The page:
A Response to an A/C “Primer” from A&O ministries

, posted by Martin Glynn

I was going to write a second post on corporate election, but I am postponing it to look at something which Alan Kurschner has recently put out on Dr. James White’s blog. He calls it a primer though it is more like propaganda. A primer for a debate should lay out both positions simply in the way in which the respective parties would approve. SEA has attempted to do just that with our own primer. However, Kurschner has absolutely failed in this regard. Indeed, I would suspect that this is simply supposed to poison the well for anyone new to the debate. So I am going to examine this primer to see how it really holds up to scrutiny:

The “Calvinist vs. Arminian” debate is substantially a debate between what is called “synergism” and “monergism.” There is no third option (unless one is willing to affirm Pelagianism). For those who are new to the Calvinist-Arminian debate, the following is a primer on the two perennial branches of theological systems in Christianity. Or to put it another way, there are two very different ways for believers to view how their salvation was brought about.

Right away it is already apparent that Kurschner and I are starting in different places. First of all, I consider Pelagianism to be a form of monergism. It is merely the opposite extreme as the Calvinist position. I define the terms historically, looking back at the original Pelagius/Augustine debate where their positions both were monergistic, and the two beliefs that followed, Semipelagianism and Semiaugustinianism, were synergistic. I view the synergist theologies to be middle ground positions, while the monergist positions were the extreme positions (or the more pure positions, depending on how you want to spin it).

This is problematic given Kurschner’s uses of the terms. Ignoring the differences in our definitions of “monergism”, considering his is more commonly used than mine, his framing the debate as monergism vs. synergistic erroneously conflates Semipelagianism and Semiaugustinianism.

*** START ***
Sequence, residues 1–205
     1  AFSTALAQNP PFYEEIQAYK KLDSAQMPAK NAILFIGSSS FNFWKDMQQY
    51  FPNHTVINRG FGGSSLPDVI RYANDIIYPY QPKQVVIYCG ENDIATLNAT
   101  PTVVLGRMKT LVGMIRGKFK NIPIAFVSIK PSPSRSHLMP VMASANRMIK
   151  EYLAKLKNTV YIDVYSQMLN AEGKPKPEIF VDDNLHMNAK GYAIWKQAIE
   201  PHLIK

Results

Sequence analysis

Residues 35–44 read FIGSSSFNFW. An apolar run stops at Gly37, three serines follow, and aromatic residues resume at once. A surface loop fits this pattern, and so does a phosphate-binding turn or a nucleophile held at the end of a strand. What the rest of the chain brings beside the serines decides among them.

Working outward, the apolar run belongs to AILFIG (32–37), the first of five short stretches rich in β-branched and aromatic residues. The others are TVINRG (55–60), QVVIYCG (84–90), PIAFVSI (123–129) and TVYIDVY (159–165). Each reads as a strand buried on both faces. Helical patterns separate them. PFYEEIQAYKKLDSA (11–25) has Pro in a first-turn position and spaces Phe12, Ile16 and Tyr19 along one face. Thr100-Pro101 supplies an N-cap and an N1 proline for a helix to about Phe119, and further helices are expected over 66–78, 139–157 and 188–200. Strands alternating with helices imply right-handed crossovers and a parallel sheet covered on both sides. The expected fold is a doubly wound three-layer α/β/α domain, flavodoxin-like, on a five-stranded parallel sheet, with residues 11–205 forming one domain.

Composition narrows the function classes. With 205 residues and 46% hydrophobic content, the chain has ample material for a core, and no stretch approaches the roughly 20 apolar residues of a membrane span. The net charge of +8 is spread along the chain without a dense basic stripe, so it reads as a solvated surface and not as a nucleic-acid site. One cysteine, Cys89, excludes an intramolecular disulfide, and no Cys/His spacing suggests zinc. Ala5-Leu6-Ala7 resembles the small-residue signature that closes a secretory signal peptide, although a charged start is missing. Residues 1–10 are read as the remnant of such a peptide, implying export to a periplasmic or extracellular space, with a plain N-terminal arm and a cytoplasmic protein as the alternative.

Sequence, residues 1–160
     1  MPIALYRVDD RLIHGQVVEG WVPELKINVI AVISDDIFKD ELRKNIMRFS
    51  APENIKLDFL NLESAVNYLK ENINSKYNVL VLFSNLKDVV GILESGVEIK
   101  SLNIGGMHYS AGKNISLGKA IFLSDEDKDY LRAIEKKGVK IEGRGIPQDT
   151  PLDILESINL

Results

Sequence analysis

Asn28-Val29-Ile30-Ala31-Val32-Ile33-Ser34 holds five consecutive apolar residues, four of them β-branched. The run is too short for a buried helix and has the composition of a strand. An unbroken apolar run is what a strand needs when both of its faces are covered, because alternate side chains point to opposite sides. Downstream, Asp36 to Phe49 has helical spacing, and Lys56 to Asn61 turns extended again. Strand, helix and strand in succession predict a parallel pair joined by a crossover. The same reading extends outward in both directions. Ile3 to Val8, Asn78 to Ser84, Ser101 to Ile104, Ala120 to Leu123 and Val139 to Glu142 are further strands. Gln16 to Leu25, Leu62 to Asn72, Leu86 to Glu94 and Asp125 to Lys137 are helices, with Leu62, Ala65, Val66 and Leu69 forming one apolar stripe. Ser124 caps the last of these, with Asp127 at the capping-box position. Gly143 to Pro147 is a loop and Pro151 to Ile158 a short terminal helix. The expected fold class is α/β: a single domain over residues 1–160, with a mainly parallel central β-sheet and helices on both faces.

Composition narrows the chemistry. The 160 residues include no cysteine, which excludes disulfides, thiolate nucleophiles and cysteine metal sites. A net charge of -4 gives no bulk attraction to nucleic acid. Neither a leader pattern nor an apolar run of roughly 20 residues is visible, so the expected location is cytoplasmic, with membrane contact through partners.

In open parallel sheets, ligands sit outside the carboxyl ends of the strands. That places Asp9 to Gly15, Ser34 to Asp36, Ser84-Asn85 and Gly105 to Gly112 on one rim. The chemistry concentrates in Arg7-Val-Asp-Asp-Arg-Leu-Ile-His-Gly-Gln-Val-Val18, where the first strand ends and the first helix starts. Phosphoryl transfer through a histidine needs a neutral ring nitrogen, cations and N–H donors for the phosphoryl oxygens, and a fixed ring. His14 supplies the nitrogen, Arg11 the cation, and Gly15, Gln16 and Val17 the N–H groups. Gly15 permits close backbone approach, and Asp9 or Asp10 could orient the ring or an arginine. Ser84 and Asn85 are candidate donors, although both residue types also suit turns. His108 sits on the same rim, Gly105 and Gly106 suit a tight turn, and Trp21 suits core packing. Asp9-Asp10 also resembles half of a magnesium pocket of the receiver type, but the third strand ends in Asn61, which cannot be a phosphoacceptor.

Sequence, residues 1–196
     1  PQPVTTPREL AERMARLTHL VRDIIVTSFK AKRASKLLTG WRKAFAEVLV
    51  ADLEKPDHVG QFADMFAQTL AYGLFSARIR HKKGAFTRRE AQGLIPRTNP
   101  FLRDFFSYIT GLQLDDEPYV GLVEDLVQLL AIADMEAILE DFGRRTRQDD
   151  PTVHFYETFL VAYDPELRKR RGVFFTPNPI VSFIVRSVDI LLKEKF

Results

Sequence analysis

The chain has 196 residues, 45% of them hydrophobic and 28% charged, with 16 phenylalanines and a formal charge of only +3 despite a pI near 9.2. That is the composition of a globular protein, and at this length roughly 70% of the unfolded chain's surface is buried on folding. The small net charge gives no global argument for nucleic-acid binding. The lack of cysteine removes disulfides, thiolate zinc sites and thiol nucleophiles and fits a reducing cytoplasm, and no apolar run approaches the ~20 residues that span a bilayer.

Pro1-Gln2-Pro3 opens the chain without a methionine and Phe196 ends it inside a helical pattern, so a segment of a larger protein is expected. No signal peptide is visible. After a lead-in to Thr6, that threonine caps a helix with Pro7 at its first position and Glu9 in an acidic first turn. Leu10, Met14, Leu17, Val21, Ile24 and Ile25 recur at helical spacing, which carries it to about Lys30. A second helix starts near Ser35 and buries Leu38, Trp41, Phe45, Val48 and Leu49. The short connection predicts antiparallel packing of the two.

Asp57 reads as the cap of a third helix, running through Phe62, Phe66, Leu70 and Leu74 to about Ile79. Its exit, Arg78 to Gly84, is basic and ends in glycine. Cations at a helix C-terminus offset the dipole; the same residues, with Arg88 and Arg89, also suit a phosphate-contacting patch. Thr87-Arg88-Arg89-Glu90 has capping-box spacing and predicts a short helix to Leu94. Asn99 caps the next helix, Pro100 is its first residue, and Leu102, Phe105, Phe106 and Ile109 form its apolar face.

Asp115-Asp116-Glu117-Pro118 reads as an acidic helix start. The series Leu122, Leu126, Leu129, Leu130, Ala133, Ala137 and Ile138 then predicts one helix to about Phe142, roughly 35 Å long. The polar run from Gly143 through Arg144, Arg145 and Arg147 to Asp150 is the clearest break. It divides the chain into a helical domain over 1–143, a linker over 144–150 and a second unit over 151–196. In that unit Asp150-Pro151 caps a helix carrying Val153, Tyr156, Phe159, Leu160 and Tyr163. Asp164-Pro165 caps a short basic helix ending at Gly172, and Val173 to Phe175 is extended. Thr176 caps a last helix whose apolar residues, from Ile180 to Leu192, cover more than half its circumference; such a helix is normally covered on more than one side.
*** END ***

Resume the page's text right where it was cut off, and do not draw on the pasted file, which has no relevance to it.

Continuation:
It is equally erroneous to attempt to say that the A&C debate encompasses the two perennial branches of Christian theology. What about Catholics? Or the EOC? What about Pentecostalism vs. Cessetionism which divides Christians along a different line? There are others as well. What about the Piest tradition? The Baptist tradition? It is true that the Augustinian and Semiaugustinianism positions represent the two trains of thought on soteriology within Christian orthodoxy, but while it is likely that this is what he meant, it is suspicious for someone of Kurschner ‘s credentials to make such a reduction within a work which is supposed to be introductory.

In general, the first type (the Arminian-Synergist) affirms what is called “synergism.” Synergists believe that two forces in the universe are necessary to bring about regeneration in the life of the sinner. In specifics, the two forces at work (cooperation) that are necessary to bring about regeneration, or spiritual life, is the will of man and the Holy Spirit (grace).

First of all, this definition of synergism is quite flawed. While I fully admit that, given my historically based definition of the word, Arminians are synergist, we are not given this definition. First of all, Arminians at least do not believe that humanity’s role in salvation is “necessary” (note how he even takes the time to italicize this word). Indeed, one of our main points is that God’s plan for salvation is not necessary. It shocks me that Kurschner would be either this ignorant or malevolent enough to suggest this (as those are really the only options). Heck, historically Arminians have often referred to Calvinists as necessitarians precisely because we reject the notion that things are necessary. It is Calvinists who view things as necessary, not us.

Second, he is clearly intentionally implying that we view the human will as a force which rivals God, which is also clearly wrong. The power of the human will only exists and only continues to exist by the will of God.

To put it another way, the work of the Holy Spirit is dependent on the creature’s will, hence, “synergism” (working together). Synergists will sincerely say, “I believe in grace alone.” But in reality, they believe that grace is not alone (sufficient), but that man’s will is necessary for regeneration to be effective.

Again, gross misunderstanding. The human will is autonomous, but in order to do good it is dependant on the Holy Spirit. This is simply putting the cart before the horse. Imagine a wounded soldier who can barely stand. A lieutenant comes over and lifts him up, puts the soldier’s right arm across his shoulders, and supports him as they walk across the field. Apparently Kurschner would view the lieutenant as the dependant one in this scene.

Additionally, man’s will is not necessary for regeneration to be effective, but that God chooses to only regenerate the faithful. Man cannot even be faithful without grace! It is by grace through faith that we are saved, and apparently Kurschner forgets that Sola Fide is just as important as Sola Gratia.

It could be said that synergists are “functional” Arminians because even though some will deny the label, their theology functions synergistically (thus, how they identify themselves is inconsistent with what they teach and believe).

As I said before, I am comfortable with the label, though I reject Kurschner ‘s definition. The reason why many Arminians reject the label is because of Calvinist straw men like this one that Calvinists use the label for.